Running and Yoga: Why They Are BFFs

I had a plan to run nine miles on Saturday. It’s part of the training plan and although it seemed like an insurmountable number, Alex was going with me so at least I’d have someone with  me when my legs turned to jello and I collapsed on the street.

Friday arrived, along with a cold – my immune system failed me. No decongestant could clear my nose, no pain reliever could ameliorate my headache. I nixed the run in favor of half lying, half sleeping on the couch in front of the TV.

With the dawn of Sunday morning (literally, I woke up at 5 am, something is wrong with me), I got up and ate breakfast and promptly decided I need more sleep. Back to bed I went until 10 am.  With nine solid hours of sleep, I felt pretty good and suggested to Alex that we just go for a short run – maybe four or five miles. It was less than the training plan, but at least it was time on my feet.

Nine and a half miles later, I had run the best run of my life. I felt awesome (and not only because my nose was finally clear!) My legs did not give out, Alex did not have to give me a piggy back ride home, and we actually ended up running longer than we were originally supposed to! I didn’t even feel like I wanted to die, like I did after the first longest run of my life, the Bridge to Bridge 12k. We even saw bison!

Not this particular bison, but bison that looked just like this!

I can only credit one thing with this endurance and strength: yoga. I do a lot of different yoga – power yoga, relaxing yoga, sometimes only 5 sun salutations in the morning. But I try to do at least 5 minutes every day.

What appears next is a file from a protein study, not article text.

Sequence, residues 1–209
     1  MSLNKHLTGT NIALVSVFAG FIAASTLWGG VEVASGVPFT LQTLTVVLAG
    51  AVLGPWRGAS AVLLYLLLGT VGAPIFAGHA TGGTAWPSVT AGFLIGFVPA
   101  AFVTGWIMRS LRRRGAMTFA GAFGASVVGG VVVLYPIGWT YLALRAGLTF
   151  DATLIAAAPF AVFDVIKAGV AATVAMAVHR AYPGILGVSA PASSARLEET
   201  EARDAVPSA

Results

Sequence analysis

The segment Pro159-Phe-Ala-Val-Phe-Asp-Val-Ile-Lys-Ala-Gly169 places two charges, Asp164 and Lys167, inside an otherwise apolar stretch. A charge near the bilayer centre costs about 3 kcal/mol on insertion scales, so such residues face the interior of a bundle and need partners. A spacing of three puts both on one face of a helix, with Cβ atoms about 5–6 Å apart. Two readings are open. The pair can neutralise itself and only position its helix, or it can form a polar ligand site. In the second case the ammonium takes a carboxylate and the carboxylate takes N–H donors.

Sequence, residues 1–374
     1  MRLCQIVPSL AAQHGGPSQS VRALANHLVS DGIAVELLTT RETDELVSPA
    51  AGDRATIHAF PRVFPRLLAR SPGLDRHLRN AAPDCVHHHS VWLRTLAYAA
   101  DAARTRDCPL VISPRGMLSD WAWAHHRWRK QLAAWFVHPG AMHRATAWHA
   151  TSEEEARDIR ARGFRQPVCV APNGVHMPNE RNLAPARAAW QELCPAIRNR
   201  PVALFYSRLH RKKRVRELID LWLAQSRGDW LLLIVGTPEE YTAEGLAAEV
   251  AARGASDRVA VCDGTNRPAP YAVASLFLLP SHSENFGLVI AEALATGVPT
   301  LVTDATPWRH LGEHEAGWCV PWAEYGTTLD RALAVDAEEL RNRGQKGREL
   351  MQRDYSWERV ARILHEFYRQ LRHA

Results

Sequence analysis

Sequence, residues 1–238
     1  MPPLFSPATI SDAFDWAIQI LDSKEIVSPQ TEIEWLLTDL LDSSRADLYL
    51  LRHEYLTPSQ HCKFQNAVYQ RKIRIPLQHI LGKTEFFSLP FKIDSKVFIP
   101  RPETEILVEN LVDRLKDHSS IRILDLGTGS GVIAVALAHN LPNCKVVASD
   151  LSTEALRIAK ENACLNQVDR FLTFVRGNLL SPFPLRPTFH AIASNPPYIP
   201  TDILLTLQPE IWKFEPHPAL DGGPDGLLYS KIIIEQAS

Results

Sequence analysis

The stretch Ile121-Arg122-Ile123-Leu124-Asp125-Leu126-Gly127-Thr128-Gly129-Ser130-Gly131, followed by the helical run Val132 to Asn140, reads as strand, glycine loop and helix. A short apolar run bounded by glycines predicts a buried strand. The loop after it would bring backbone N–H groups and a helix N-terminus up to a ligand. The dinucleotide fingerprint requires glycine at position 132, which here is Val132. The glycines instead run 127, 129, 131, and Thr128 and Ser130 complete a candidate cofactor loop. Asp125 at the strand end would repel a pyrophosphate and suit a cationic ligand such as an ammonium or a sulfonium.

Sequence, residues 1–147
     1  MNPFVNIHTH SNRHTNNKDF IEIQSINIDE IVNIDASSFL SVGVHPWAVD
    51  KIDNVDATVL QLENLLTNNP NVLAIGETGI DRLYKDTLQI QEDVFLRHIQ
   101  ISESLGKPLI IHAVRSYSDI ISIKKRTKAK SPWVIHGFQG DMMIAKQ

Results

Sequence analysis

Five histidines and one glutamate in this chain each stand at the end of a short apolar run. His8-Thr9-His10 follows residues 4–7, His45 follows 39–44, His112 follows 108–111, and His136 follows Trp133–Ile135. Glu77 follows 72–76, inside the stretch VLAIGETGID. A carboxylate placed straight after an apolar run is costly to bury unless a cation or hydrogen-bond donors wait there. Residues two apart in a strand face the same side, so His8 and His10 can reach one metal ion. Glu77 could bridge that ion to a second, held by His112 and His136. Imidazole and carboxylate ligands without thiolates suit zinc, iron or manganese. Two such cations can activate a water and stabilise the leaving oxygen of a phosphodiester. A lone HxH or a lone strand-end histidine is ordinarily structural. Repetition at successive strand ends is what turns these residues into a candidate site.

Yoga keeps me strong (if you don’t think yoga can make you strong, try Dave Farmar’s power yoga podcasts – go ahead, I dare you; you can’t help but love and hate him at the same time). Yoga keeps me flexible and stretches out the muscles that crunch together when I run. The impact of running on your joints and your back can be incredibly painful. Yoga reverses this, allows you to lengthen and stretch.

More than the physical benefits though, yoga helps me stay mentally focused and present while running. I didn’t spend the entire run thinking “when is this going to end?!” I spent it thinking, “wow that’s  a pretty tree” or “isn’t the weather lovely” or “look at that dog!” I spent the run chatting with Alex, brainstorming blog posts or just totally zoning out. At one point, my eyes even closed because I was so relaxed and in the zone. I never thought this would happen to me, as someone who loathed running the mile in middle school.



If I did start to feel tension or muscle strain, I was able to focus my mental energy on that spot and relax it. One problem I’ve had while running in the past is that as soon as something starts to hurt (foot, knee back, etc), I tense up thinking my run is doomed. Tensing makes things worse of course because then I’m hitting the ground rigidly and my body isn’t absorbing any of the impact. By staying present in my body, I was able to relax those tension points before they spread.

Breath is a vital part of yoga, and I found that all the ujjayi breathing I do in yoga translated quite well to my running. My lungs never felt like they were imploding. I was never gasping or grasping for the next breath. Perhaps I wasn’t running fast enough, but with nine miles to go, I would rather finish at a snail’s pace and not want to die.


I imagine that this could translate to other areas of fitness and other areas of life. Finding focus and breath help me in all situations – when I’m stressed, angry or sad. Busting out an awesome power yoga practice also doesn’t hurt; I usually feel so accomplished that I forget why I was upset in the first place.

So in my book, yoga and running (and probably yoga and biking, or yoga and ellipticalling, or yoga and step aerobics or yoga and underwater basket weaving) are best friends forever. The combo has certainly helped me. (Sadly a search for underwater basket weaving did not produce any images. Tear.)


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